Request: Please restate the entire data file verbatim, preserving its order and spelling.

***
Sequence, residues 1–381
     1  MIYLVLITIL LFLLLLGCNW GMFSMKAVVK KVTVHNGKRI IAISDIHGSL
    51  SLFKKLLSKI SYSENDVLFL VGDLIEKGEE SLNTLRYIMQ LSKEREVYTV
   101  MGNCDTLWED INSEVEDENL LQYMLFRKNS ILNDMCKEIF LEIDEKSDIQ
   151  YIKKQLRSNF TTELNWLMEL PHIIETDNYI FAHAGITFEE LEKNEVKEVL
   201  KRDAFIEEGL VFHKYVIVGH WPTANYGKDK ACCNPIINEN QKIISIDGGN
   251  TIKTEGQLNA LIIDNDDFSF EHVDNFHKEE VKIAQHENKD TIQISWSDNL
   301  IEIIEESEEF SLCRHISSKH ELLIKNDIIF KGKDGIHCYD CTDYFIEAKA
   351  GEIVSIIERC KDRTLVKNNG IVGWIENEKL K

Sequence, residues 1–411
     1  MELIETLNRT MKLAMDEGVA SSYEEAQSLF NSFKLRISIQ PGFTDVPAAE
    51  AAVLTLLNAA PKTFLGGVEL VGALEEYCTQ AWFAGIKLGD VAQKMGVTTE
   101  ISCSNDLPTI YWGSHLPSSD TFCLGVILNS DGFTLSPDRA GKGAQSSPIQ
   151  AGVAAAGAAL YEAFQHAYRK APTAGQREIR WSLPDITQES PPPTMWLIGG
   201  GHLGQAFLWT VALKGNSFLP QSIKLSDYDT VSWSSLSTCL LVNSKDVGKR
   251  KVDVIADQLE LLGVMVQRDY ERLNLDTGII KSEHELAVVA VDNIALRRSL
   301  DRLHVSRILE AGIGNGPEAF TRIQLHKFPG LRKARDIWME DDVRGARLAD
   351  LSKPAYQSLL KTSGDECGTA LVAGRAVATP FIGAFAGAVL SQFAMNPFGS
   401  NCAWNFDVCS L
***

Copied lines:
Sequence, residues 1–381
     1  MIYLVLITIL LFLLLLGCNW GMFSMKAVVK KVTVHNGKRI IAISDIHGSL
    51  SLFKKLLSKI SYSENDVLFL VGDLIEKGEE SLNTLRYIMQ LSKEREVYTV
   101  MGNCDTLWED INSEVEDENL LQYMLFRKNS ILNDMCKEIF LEIDEKSDIQ
   151  YIKKQLRSNF TTELNWLMEL PHIIETDNYI FAHAGITFEE LEKNEVKEVL
   201  KRDAFIEEGL VFHKYVIVGH WPTANYGKDK ACCNPIINEN QKIISIDGGN
   251  TIKTEGQLNA LIIDNDDFSF EHVDNFHKEE VKIAQHENKD TIQISWSDNL
   301  IEIIEESEEF SLCRHISSKH ELLIKNDIIF KGKDGIHCYD CTDYFIEAKA
   351  GEIVSIIERC KDRTLVKNNG IVGWIENEKL K

Sequence, residues 1–411
     1  MELIETLNRT MKLAMDEGVA SSYEEAQSLF NSFKLRISIQ PGFTDVPAAE
    51  AAVLTLLNAA PKTFLGGVEL VGALEEYCTQ AWFAGIKLGD VAQKMGVTTE
   101  ISCSNDLPTI YWGSHLPSSD TFCLGVILNS DGFTLSPDRA GKGAQSSPIQ
   151  AGVAAAGAAL YEAFQHAYRK APTAGQREIR WSLPDITQES PPPTMWLIGG
   201  GHLGQAFLWT VALKGNSFLP QSIKLSDYDT VSWSSLSTCL LVNSKDVGKR
   251  KVDVIADQLE LLGVMVQRDY ERLNLDTGII KSEHELAVVA VDNIALRRSL
   301  DRLHVSRILE AGIGNGPEAF TRIQLHKFPG LRKARDIWME DDVRGARLAD
   351  LSKPAYQSLL KTSGDECGTA LVAGRAVATP FIGAFAGAVL SQFAMNPFGS
   401  NCAWNFDVCS L